verb (used with object), con·sumed, con·sum·ing.
verb (used without object), con·sumed, con·sum·ing.
Origin of consume
Examples from the Web for unconsumed
"Come," he said, rising abruptly, and throwing the unconsumed end of his cigarette into the fireplace.Montezuma's Castle and Other Weird Tales|Charles B. Cory
What, then, when every country in the world has an unconsumed surplus?The Iron Heel|Jack London
The lower parts of the flame are laden with unconsumed gas and watery vapour; which present considerable resistance to the air.A Guide to the Scientific Knowledge of Things Familiar|Ebenezer Cobham Brewer
We have seen that unconsumed gaseous vapours can be obtained from the flame by means of a bent glass tube.Three Hundred Things a Bright Boy Can Do|Anonymous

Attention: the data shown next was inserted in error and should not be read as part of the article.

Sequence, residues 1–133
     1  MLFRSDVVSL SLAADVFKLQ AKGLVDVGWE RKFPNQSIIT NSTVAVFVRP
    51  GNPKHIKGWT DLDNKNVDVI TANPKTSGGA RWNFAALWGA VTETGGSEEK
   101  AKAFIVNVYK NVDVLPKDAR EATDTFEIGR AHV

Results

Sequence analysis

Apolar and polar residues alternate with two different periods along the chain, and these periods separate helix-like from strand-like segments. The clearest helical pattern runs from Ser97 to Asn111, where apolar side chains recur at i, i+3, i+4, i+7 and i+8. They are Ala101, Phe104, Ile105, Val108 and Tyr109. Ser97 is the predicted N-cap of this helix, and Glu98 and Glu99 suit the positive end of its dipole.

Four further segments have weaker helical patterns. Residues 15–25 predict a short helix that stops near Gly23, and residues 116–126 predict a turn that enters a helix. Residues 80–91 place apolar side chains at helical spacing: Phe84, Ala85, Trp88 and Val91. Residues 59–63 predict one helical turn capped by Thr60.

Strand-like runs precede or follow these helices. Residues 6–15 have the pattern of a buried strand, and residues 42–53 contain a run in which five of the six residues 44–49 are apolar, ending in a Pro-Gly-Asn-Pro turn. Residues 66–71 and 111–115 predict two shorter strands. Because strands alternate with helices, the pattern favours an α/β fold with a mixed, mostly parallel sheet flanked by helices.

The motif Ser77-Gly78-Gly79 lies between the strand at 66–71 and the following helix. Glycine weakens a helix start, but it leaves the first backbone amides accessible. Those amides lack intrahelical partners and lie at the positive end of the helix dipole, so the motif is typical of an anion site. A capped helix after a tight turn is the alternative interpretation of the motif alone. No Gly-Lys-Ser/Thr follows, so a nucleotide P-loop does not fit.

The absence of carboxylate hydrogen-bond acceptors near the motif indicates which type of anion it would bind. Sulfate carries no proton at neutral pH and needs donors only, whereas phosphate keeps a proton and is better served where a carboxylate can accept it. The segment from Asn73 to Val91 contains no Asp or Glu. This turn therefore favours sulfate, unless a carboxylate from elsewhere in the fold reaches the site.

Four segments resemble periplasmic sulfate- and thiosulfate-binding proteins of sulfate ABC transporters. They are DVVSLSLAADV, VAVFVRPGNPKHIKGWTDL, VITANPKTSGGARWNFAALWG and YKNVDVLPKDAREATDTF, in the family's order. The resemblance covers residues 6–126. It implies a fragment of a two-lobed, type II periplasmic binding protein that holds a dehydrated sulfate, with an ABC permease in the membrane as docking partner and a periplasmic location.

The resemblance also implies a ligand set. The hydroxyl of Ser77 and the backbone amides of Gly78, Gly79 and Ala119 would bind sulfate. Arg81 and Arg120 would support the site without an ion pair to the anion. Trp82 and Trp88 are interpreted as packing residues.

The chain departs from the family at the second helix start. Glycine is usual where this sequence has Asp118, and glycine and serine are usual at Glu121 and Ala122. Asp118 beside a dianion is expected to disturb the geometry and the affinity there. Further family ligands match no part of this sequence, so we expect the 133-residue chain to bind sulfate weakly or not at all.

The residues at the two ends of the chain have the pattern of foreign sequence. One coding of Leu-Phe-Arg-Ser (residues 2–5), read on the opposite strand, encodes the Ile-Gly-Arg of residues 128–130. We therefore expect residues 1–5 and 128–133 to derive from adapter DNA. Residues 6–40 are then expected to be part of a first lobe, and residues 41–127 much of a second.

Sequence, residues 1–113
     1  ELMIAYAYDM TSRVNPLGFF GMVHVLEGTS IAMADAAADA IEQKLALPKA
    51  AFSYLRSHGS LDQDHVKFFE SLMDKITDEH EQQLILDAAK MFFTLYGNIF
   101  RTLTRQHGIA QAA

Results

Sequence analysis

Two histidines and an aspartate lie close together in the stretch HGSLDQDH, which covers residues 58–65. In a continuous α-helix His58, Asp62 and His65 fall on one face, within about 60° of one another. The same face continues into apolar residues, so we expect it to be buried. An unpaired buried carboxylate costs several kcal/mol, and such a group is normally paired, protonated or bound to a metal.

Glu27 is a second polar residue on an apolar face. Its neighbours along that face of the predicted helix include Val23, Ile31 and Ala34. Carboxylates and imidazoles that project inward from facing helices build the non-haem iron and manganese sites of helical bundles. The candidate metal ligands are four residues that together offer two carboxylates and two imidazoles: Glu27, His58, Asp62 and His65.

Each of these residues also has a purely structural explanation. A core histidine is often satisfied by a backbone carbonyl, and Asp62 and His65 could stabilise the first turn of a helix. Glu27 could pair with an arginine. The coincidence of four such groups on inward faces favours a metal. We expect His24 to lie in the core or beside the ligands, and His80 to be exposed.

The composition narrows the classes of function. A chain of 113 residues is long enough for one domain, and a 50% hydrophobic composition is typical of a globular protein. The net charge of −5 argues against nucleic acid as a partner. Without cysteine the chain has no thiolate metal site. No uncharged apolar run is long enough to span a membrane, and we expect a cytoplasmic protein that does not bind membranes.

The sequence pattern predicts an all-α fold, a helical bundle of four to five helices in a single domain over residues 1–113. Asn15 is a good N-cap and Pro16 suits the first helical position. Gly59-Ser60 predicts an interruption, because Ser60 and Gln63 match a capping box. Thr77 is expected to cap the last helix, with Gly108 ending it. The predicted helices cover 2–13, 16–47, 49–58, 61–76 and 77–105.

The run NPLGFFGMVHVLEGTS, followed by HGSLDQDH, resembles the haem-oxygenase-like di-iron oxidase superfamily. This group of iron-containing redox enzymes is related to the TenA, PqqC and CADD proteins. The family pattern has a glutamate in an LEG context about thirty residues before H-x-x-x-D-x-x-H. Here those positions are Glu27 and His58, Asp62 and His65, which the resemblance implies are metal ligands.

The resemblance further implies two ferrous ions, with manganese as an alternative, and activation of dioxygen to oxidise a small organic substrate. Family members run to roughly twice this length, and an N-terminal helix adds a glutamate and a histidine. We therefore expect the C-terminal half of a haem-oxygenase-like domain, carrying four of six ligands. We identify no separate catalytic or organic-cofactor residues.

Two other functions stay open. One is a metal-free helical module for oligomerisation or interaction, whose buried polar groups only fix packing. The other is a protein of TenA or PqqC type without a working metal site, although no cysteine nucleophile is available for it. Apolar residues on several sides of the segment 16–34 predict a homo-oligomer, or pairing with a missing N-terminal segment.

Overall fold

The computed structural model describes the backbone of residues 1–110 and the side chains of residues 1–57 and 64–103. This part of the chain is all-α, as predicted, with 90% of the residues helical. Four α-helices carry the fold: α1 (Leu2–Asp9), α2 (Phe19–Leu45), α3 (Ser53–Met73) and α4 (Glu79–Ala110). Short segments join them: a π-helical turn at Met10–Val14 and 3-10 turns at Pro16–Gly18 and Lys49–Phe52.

Sometimes they threw down their unconsumed fragments of bread to the hungry men.Martyria|Augustus C. Hamlin
British Dictionary definitions for unconsumed
Word Origin for consume
Word Origin and History for unconsumed
late 14c., from Old French consumer "to consume" (12c.) and directly from Latin consumere "to use up, eat, waste," from com-, intensive prefix (see com-), + sumere "to take," from sub- "under" + emere "to buy, take" (see exempt (adj.)).